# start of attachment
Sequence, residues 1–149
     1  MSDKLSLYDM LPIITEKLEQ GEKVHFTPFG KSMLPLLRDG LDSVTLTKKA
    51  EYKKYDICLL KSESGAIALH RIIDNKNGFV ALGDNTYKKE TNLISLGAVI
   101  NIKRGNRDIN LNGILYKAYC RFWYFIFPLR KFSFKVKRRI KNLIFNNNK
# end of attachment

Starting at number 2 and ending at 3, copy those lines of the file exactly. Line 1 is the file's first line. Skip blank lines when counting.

     1  MSDKLSLYDM LPIITEKLEQ GEKVHFTPFG KSMLPLLRDG LDSVTLTKKA
    51  EYKKYDICLL KSESGAIALH RIIDNKNGFV ALGDNTYKKE TNLISLGAVI